Background: We aimed to determine the rates of alcohol and substance use in geriatric hospital and community health settings, and to evaluate the performance of screening instruments. Method: A two-phase cross-sectional study was undertaken in geriatric and aged care psychiatry wards and associated community services of a teaching hospital. Participants were screened with the Brief Alcohol Use Disorders Identification Test (AUDIT-C) and the Alcohol, Smoking and Substance Involvement Screening Test (ASSIST) for other substances; Geriatric Depression Scale-15 for mood; the Connor-Davidson Resilience Scale; and the Subjective Quality of Life scale. Medical conditions were established. Screen positives for risky substance use continued with the full AUDIT, full ASSIST, CAGE, Addenbrooke's Cognitive Examination-Revised, and the Functional Activities Questionnaire. Medical records were reviewed after three months to ascertain recognition and management of substance use. Results: Of 210 participants aged 60+ (mean age 81.9, 63.3% female) without dementia or delirium and Mini Mental State Examination score ≥24, 41 (19.5%) were screen positive-36 (17.1%) for alcohol, seven for non-medical benzodiazepine use (3.3%) (four alcohol and benzodiazepine) and two for non-medical opioid use (0.95%). Screen positives differed from screen negatives on few demographic or health measures. On the ASSIST, 26 (12.4%) were rated as medium/high risk. The AUDIT-C with cut-point of ≥5 was the optimal measure for detecting risky alcohol use. Conclusions: Many patients in geriatric health services have risky alcohol or substance use, but few clinical features distinguish them from other patients. Routine screening of alcohol and substance use is recommended.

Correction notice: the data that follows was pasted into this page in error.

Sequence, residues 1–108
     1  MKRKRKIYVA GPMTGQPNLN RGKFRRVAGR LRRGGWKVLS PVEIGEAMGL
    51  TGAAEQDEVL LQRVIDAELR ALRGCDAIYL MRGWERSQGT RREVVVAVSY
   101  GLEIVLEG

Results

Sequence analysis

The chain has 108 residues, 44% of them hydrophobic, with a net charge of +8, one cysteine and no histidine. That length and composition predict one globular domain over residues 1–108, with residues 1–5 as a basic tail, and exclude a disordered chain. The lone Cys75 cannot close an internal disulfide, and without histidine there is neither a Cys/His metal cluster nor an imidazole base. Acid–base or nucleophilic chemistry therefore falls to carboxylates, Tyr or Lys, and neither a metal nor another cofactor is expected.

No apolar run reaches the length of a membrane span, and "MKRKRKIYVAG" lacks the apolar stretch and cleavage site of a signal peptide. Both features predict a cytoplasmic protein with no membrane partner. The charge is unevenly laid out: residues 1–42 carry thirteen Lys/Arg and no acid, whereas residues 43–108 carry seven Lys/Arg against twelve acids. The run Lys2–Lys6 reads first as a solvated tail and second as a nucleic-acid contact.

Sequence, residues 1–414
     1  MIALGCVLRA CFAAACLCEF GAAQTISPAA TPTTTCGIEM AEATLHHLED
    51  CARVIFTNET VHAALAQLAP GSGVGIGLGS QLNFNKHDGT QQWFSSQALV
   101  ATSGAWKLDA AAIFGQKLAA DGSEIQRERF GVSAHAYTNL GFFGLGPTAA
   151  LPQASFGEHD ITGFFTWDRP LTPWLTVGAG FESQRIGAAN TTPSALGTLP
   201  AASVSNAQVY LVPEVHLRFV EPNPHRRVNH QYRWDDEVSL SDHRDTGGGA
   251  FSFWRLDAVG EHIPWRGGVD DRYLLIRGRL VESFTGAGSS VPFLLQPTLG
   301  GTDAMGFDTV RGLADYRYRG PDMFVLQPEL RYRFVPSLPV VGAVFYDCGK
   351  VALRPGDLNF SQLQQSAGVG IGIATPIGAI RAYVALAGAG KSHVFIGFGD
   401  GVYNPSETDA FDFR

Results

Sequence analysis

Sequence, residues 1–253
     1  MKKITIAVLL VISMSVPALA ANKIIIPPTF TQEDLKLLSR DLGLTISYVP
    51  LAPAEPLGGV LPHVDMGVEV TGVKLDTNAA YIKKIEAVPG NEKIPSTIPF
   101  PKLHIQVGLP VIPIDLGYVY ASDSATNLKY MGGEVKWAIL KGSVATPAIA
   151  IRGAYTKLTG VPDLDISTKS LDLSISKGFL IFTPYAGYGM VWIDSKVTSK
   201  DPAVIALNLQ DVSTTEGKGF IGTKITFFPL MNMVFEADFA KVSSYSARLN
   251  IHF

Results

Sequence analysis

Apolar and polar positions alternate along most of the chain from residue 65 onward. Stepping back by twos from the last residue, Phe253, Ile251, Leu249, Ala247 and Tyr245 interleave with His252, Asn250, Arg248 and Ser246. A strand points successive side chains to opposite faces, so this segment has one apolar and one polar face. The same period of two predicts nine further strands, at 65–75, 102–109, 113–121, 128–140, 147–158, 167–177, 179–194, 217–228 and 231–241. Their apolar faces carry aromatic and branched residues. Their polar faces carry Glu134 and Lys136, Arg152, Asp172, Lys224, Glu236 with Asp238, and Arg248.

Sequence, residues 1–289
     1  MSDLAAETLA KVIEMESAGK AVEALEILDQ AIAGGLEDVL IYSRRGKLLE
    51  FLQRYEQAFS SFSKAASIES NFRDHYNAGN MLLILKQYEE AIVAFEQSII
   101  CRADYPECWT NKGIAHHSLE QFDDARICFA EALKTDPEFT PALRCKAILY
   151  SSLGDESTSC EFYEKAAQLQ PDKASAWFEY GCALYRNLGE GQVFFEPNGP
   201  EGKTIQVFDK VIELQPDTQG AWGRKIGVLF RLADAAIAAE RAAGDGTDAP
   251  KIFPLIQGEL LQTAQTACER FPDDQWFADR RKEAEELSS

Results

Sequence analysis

- healthcare systems
- substance abuse